Getting rid of the “Gray Box” in PhoneGap for Windows Phone

If you’ve ever used a Windows Phone device’s web browser, then you have probably noticed the gray highlight that the Windows Phone browser puts on top of the HTML content any time that you click on a link. For static web pages, this isn’t a big deal. It indicates that you have clicked on an item. However, if you are building apps with dynamic content, this can become much more frustrating and can have a negative impact in overall user experience.  Fret not, TouchClick.js is here to help!

In PhoneGap applications, you can build experiences that respond to mouse/touch events, which can be more dynamic than what is supported in the device browser. Note: The device browser does not support mouse events. All touch input gets translated into mousedown, mousemove, or mouseup events inside of the PhoneGap container. This gray highlight can become a major pain point in highly-dynamic applications. Luckily, I’ve found a way to get rid of it. Check out the video below to see an example of the gray highlight, as well as the workaround in action:

Through lots of trial and error, I’ve found that the gray highlight is applied to all <a> anchor elements, and any html element that has a “click” event handler or lingering “mousedown” and “mouseup” event handlers.   Luckily, you can manage event listeners and add/remove event handlers as necessary so that you minimize the gray box.  This approach does not get rid of the gray box 100% of the time, but I think it’s safe to say that it gets rid of it 90% of the time.  After applying these techniques, I only see the gray highlight if you tap on multiple clickable items in rapid succession.

Here’s how I was able to get rid of the gray highlight box:

  1. Do not use <a> anchor tags ever.
  2. Assign a “mousedown” event handler to the <span>, <div> or other element that you want to be clickable.
  3. When the “mousedown” event handler is invoked, remove the “mousedown” event handler, save the mousedown input coordinates, and add a “mouseup” event handler to the window object.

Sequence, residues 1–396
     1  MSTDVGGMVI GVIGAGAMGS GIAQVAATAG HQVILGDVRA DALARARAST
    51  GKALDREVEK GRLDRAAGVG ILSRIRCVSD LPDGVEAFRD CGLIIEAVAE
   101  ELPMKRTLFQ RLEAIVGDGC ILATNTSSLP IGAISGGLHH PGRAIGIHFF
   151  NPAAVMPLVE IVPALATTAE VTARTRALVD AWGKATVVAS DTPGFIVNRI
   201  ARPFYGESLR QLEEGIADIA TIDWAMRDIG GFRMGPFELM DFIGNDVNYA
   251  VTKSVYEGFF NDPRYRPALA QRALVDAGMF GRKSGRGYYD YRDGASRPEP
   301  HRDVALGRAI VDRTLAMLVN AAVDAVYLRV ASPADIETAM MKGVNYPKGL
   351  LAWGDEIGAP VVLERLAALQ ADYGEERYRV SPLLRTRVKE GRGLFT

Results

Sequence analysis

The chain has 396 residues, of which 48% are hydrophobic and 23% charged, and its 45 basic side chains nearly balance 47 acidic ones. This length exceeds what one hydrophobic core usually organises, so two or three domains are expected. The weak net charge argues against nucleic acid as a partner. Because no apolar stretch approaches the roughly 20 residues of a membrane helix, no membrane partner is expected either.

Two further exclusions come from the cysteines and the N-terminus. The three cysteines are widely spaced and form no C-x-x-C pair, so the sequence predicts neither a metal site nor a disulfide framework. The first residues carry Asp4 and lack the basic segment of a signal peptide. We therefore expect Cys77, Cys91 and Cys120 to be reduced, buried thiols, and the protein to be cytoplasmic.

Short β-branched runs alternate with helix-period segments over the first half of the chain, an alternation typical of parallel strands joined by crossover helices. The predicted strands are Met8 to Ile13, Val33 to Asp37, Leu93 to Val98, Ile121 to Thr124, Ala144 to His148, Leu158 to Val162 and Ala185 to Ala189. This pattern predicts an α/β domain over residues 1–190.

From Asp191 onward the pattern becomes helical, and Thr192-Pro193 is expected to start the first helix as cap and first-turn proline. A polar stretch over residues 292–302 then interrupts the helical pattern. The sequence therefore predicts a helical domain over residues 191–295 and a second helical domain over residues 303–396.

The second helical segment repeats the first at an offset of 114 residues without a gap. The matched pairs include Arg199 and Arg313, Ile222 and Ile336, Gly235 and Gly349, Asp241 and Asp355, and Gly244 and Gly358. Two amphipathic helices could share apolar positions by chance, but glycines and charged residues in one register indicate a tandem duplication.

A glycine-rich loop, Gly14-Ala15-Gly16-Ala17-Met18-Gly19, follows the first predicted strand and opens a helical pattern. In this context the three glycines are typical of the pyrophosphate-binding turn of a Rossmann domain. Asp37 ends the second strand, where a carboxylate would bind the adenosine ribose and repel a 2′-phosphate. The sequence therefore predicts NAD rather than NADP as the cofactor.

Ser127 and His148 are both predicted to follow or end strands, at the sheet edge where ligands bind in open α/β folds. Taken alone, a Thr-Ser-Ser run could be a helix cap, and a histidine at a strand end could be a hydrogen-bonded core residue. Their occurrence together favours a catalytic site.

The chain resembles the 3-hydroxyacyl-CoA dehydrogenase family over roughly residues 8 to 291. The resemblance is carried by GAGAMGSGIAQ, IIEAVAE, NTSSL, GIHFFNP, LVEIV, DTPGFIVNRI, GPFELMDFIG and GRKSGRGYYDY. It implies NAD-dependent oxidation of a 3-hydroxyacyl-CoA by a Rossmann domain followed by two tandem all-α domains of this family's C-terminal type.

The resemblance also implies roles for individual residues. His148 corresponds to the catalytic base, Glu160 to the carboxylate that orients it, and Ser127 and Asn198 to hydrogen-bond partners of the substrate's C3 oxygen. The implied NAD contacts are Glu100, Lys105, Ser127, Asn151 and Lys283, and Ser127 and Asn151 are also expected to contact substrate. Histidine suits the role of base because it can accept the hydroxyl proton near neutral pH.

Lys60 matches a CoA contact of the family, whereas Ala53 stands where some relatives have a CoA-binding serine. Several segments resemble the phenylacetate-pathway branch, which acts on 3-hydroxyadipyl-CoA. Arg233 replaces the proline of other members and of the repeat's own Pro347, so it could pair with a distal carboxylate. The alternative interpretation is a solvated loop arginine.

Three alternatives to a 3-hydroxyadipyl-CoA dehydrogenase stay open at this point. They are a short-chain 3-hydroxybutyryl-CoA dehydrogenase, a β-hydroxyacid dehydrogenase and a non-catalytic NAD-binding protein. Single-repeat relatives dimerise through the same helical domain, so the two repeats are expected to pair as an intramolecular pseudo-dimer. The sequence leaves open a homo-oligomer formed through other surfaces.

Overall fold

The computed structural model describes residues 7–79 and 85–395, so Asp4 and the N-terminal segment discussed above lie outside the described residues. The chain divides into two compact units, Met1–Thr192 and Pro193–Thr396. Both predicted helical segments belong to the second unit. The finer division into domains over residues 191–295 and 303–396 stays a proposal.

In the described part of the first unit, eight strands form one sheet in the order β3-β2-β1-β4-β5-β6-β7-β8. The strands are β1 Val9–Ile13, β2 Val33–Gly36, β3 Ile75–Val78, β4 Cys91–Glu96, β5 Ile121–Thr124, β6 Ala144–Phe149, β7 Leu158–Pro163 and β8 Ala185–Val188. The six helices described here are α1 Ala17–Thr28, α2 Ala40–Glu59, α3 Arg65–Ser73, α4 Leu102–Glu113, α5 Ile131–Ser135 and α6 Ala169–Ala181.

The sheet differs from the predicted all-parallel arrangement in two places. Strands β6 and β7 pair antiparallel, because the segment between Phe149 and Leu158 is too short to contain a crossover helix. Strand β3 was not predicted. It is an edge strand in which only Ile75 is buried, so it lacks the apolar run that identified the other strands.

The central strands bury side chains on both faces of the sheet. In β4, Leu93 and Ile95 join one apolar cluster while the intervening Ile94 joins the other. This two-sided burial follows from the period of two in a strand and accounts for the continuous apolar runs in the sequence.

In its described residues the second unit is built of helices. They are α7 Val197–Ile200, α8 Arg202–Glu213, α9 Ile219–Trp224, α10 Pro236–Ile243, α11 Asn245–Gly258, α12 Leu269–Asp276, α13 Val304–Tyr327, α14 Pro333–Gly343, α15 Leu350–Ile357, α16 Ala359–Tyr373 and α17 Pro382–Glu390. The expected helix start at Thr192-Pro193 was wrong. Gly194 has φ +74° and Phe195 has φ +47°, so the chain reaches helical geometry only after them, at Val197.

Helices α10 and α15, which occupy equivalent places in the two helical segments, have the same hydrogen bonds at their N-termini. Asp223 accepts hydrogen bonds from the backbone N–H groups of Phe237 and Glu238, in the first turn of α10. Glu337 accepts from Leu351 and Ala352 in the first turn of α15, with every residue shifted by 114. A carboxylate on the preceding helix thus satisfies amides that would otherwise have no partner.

4. When the “mouseup” event handler is invoked, remove the “mouseup” event handler, and then compare the mouse coordinates. If the mouse coordinates have not changed, and its within a reasonable amount of time, you can infer that this should be a “click” event, and invoke an action as desired.
  5. Set a timeout to restore the “mousedown” event handler in an asynchronus operation.   If you re-add the “mousedown” event handler inside of the “mouseup” event handler, you will still get the gray box.

To make things even more confusing, if you have dynamic content (changing DOM elements) underneath of your touch input, then you get multiple mousedown and mouseup events invoked on different DOM elements underneath where you touched.  This happens even if you only touched the screen once. I was able to intercept mouse events and prevent their default actions to mitigate this behavior.

Sounds confusing, right?  Well, it can certainly be tricky.  Luckily for us all, I was able to encapsulate all of this functionality inside of a reusable JavaScript class that anyone can use without needing to understand all of the ins & outs.   The TouchClick.js class is available in the example on github under “WinPhone-NoGrayBox“.  In the TouchClick.js library, it override the default HTMLElement’s addEventListener function and intercepts all calls to addEventListener( “click”… ) and replaces it with the TouchClick behavior, which will perform a click action, but without the gray highlight box.  Thus making your app experience better, and keeping your code simple.